Production of livestock around the world is linked to increased greenhouse gases in the atmosphere, which contributes to climate change.
Animal production for meat contributes twice as much to global warming as the production of plant-based food, according to scientific reports.
Data from the Food and Agriculture Organisation of the United Nations (FAO) indicates that meat accounts for nearly 60 per cent of all greenhouse gases from food production.
According to FAO global meat consumption has increased significantly in recent decades, with per capita consumption almost doubling since the early 1960s.
The agency indicates that while an average of 23.1 kilograms (50.8 pounds) of meat per person was consumed annually in the ‘60s, the figure had risen to 43.2 kilograms in 2019.
Studies show that wealthy countries tend to consume more meat. Projections show that per capita meat consumption in industrialised nations is projected to climb to 69.5 kilograms in 2022 — the projected figure for the developing world is just 27.6 kilograms.
The Farming Campaigns Manager at World Animal Protection, Dr Victor Yamo, attests that large-scale meat production has led to the clearing of forests to grow crops that get into the animal production system.
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“We deal with ruminant systems. Manure itself has ammonia, which is part of greenhouse gases. Because of intensive farming and livestock production systems, we have too many animals in a small space,” sayd Dr Yamo.
According to FAO, the entire system of food production, such as the use of farming machinery, spraying of fertiliser and transportation of products, emits 17.3 billion tonnes of greenhouse gases a year.
The research, titled ‘Global greenhouse gas emissions from animal-based foods are twice those of plant-based foods’, shows that enormous release of gases that fuel the climate crisis is more than double the entire emissions of the US and represents 35 per cent of all global emissions.
“This study shows the entire cycle of the food production system, and policymakers may want to use the results to think about how to control greenhouse gas emissions,” reads the report.
The raising and culling of animals for food is far worse for the climate than growing and processing fruits and vegetables for people to eat, the research found, confirming previous findings on the outsized impact that meat production, particularly beef, has on the environment.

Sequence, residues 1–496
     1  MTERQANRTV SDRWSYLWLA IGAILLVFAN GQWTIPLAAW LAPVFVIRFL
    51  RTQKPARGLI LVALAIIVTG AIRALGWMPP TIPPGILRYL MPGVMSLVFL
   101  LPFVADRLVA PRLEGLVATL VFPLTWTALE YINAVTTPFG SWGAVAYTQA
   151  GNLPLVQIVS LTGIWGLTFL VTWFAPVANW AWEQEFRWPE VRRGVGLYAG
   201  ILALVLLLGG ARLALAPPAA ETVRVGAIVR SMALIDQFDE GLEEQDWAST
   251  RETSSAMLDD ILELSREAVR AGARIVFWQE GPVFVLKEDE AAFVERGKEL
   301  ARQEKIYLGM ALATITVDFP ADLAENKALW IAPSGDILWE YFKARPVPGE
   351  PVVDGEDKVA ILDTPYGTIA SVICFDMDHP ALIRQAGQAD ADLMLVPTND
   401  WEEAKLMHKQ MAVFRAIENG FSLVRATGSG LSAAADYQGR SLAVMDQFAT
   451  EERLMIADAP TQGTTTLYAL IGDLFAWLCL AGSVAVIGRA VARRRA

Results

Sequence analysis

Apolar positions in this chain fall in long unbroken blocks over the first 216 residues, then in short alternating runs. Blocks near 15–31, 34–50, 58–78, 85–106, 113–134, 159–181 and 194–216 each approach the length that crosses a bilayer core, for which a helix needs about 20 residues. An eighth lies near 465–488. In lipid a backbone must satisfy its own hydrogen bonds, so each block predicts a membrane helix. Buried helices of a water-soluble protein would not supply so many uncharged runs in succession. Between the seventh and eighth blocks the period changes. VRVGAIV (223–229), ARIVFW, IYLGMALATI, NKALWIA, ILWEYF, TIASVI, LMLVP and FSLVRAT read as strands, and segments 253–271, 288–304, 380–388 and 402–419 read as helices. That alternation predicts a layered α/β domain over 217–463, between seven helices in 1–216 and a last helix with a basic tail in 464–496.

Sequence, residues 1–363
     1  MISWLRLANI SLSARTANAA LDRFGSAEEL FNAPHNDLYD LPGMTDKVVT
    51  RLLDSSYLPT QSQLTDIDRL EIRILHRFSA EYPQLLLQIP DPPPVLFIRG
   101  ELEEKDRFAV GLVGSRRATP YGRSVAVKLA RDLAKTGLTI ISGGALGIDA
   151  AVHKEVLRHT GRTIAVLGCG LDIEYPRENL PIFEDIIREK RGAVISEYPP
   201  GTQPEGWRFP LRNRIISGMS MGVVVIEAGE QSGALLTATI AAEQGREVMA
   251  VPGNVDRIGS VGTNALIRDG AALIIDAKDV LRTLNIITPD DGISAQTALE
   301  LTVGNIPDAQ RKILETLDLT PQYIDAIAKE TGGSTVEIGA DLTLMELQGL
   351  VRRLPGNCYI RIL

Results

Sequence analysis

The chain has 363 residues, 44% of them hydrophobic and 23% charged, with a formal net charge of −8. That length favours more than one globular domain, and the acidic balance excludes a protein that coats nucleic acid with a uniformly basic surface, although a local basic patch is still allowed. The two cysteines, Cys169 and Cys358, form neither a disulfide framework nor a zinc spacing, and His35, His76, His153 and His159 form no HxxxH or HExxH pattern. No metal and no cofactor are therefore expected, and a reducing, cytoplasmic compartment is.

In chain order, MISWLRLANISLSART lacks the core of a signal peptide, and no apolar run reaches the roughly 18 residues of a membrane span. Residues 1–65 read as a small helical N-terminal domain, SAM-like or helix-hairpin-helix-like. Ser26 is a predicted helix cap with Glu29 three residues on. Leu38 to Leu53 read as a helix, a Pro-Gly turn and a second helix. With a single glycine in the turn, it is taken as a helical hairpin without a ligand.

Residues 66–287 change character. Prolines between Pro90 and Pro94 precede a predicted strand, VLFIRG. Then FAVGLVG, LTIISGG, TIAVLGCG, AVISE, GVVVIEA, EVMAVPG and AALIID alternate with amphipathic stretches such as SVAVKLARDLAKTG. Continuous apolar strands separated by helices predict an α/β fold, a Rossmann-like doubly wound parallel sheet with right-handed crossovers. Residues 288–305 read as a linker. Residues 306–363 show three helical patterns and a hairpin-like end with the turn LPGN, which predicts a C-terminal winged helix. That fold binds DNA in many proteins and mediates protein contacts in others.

Yamo explains that even a large number of chickens in one place produces greenhouse gases, and all of the animals produce gases differently depending on their size.
“Our food systems are not only causing problems for human and animal health, but they also contribute to climate change,” he says.
A modelling study by the World Animal Protection on the impacts of excessive meat consumption on climate change compared findings from FAO data across the world mainly in Europe, the US, Thailand and Australia where chicken and beef are consumed in large quantities.
The study established that continuous consumption of meat at current levels is equivalent to having about 29 million vehicles on the road.
“We need to relook at that system; however, we do not have data on meat consumption in Africa but there are efforts to establish the current situation in Africa,” says the study.
According to the study, meat consumption needs to be reduced by 50 per cent by 2040 and meat that is consumed needs to come from high-welfare production systems. If this is implemented by 2040, it will lead to the elimination of about 210 million tonnes of greenhouse gases. This is equivalent to 45 million cars taken off the road.
In order to promote this initiative, the organisation is part of the Eat Less Meat global campaign that is running from 2021 to 2030
Nutritionists state that the average person is supposed to consume 0.8 grams per kilogram of meat but not on a daily basis.
“However, most people rush to restaurants and eat 0.5 kilos of chicken and more than 200 grams of beef,” says Winnie Alando, a nutritionist in Kisumu East.
“It’s advised to eat other sources of proteins, not only meat, since meat consumption has been linked to gout, a rise in cholesterol levels, which can cause heart diseases,” she says.
Alando advises that a person should consume the minimum amount of meat thrice in a week.
Yamo says the less meat we consume the less is produced, leading to less destruction of the environment and reduced pollution.
In partnership with government agencies, the World Animal Protection has developed a system to ensure food producers like restaurants and fast-food establishments follow certain standards.
These are industry-specific standards called Farm Animals Responsible Minimum Standards (FARMS). This production system ensures there is proper stocking density and that animal welfare is well catered for.
According to FAO the use of cows, pigs and other animals for food, as well as livestock feed, is responsible for 57 per cent of all food production emissions.